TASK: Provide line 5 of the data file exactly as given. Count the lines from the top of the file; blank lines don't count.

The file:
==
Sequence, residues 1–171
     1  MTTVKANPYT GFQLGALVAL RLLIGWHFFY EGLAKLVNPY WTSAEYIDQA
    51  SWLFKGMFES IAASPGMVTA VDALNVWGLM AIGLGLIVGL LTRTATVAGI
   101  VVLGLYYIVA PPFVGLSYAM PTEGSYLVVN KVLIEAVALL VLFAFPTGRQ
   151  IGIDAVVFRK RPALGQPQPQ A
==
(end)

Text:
   151  IGIDAVVFRK RPALGQPQPQ A